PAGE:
Sep 18, 2020

The Jewish New Year Begins at Sunset: Grab Your Oys-Maker!

A brief and likely uninformed treatise on my people’s High Holy Days

By Ed Goldman

At sunset today, the Jewish High Holy Days begin with Rosh Hoshanah, the “head”(rosh) or beginning of the year 5780. The commemoration reaches its zenith nine sunsets later with Yom Kippur (Day of Atonement), when the annual singing of “Kol Nidre” is as comforting to my people as when Sir Paul McCartney sings ”Yesterday” at a concert—even though you expect it, you’re still thrilled when neither disappoints. 

Kol Nidre means “all vows,” by the way. Unlike Catholic confession, the Jews front-load all of the anticipated sins they’ll commit in the coming year, taking only one day to ask advance forgiveness, instead of the average four days per annum that Catholics attend confession.

The first Holy Day often includes big meals that are as sumptuously delicious as they are unhealthful. The second demands that Jews fast from sunset to sunset, which I never did—except between successive surgeries at Sutter Hospital. But there they at least gave me an intravenous drip of dextrose to keep me going. That would be a no-no on Yom Kippur, even if you brought your own stanchion and nursing team.

I was always afraid I’d fall ill from voluntary fasting—and secretly hoped that the rabbi and licensed nutritionists would agree, calling a joint news conference to issue the statement, “For optimum health, we think boys like Edward require regular infusions of cinnamon rolls.” 

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But a recent New York Times “Well” column in the newspaper’s Science Tuesday section, dashed all that by addressing the benefits of regular, controlled fasting “to shed pounds.” And what could be more regular and controlled than doing it only one day per year and only from one sunset to the next one?

“In an eight-week trial published in ‘Cell Metabolism,’ scientists randomly assigned 58 obese men and women to three groups,” the Times reported. “The first ate whatever they wanted without counting calories, but only between 3 p.m. and 7 p.m. The second ate what they wanted between 1 p.m. and 7 p.m. The third, a control group, ate without restrictions. 

“In both of the groups that practiced time-restricted fasting, participants consumed an average of 550 fewer calories a day and lost about three percent of their body weight.” While there was no indication in the story if, for the third group, carpenters had to be called in to widen the doorways for their exit from the clinic, that’s my theory and I’m sticking to it.

But fasting’s not all one’s supposed to do for Yom Kippur. Things other than food and beverage to abstain from include the wearing of leather shoes, bathing, wearing perfumes or after-shave and, as rabbis specify, having “marital relations.” I’m sure some system gamers have wished that last one meant it’d be therefore permissible to fool around with someone to whom they’re not married. But come on, fellas. Let’s not be male chauvinist pagans.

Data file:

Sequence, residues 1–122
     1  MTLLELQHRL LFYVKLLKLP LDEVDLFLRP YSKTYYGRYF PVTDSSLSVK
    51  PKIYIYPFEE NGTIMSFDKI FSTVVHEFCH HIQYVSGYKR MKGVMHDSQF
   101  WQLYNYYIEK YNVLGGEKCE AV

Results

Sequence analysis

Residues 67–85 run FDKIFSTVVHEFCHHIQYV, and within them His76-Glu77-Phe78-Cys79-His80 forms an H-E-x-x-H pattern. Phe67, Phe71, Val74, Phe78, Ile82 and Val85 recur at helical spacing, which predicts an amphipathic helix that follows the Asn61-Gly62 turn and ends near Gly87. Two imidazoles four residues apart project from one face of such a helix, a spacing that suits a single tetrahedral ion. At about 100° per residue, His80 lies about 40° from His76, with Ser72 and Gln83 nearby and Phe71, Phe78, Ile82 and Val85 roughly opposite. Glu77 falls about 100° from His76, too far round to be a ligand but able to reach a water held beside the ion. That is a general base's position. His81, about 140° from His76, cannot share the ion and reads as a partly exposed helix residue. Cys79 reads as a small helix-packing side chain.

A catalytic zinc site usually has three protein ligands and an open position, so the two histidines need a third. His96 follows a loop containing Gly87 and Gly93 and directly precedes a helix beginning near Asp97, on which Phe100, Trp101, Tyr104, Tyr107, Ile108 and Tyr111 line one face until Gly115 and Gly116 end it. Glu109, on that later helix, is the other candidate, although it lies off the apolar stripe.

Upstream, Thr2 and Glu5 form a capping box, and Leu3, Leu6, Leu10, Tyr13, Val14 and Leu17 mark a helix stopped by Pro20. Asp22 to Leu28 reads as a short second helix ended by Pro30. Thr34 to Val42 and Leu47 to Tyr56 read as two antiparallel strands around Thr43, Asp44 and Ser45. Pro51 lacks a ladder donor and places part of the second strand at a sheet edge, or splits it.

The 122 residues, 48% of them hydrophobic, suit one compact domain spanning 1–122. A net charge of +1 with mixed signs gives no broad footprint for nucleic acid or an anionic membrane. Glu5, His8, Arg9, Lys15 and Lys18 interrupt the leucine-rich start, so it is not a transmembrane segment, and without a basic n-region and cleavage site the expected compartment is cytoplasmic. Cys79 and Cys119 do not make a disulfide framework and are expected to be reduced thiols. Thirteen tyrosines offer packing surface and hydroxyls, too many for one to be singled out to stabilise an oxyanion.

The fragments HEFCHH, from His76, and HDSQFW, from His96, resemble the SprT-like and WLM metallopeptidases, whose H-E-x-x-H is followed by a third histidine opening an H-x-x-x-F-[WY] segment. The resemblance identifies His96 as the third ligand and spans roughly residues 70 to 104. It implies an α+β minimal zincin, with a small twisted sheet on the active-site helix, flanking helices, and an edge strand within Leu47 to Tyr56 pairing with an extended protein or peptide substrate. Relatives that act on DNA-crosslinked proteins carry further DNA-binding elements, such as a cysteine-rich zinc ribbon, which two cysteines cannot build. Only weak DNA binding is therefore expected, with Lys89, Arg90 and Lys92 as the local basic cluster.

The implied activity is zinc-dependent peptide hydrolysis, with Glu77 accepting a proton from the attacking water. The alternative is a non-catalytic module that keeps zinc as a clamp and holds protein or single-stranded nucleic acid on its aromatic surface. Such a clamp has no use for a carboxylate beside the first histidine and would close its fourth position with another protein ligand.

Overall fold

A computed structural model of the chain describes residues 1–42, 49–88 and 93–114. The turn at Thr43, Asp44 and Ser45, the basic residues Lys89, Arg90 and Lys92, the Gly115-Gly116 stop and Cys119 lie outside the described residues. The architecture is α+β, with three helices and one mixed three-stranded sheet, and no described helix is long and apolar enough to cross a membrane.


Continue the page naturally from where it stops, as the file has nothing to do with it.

Understand, I’ve been Jewish since birth. This may sound obvious but often a religion is something you can choose—rarely during infancy, natch, when you’re too busy discovering those really are your own toes, which doesn’t leave you much time for taking a course in comparative belief systems. 

My middle brother Stuart, for example, converted to Zen Buddhism a few years before he died. And I have a cousin who became a Mormon for a few years but apparently missed her Frappuccinos®.


I did a lot of reading about Catholicism over the years because I was struck by how many of my favorite writers and artists supposedly converted to it—though usually not long before they checked out of the Earth Hotel. I think this may have had something to do with the religion’s abrupt appeal, since a core belief is that you’re simply heading to the Afterlife, a concept that makes an “after-party” seem quite insignificant. 

Conversely, you won’t find too many people becoming Jews at the last minute, especially if they dare to ask a rabbi if his people believe there’s a Heaven awaiting them.

“Well, we like to believe that the people we loved and lost will live on in our hearts,” the rabbi at our temple told me when I put the question to him over dinner at my parents’ home. I was about 12.

“Yeah,” I persisted, “but what about the clouds and robes and harps and angels and halos and Saint Peter—”

He smiled at me with a pained look that seemed to say, “So young. So stupid.”

But he said aloud, “We believe that living a good and honorable life is a form of Heaven.—Betty, this brisket is to die for. May I have another slice?” In short, End of Seminar. Betty was my mom, and her brisket was the envy of shoemakers, especially as a last-minute leather substitute every Yom Kippur.

Ed Goldman's column appears almost every Monday, Wednesday and Friday. A former daily columnist for the Sacramento Business Journal, as well as monthly columnist for Sacramento Magazine and Comstock’s Business Magazine, he’s the author of five books, two plays and one musical (so far).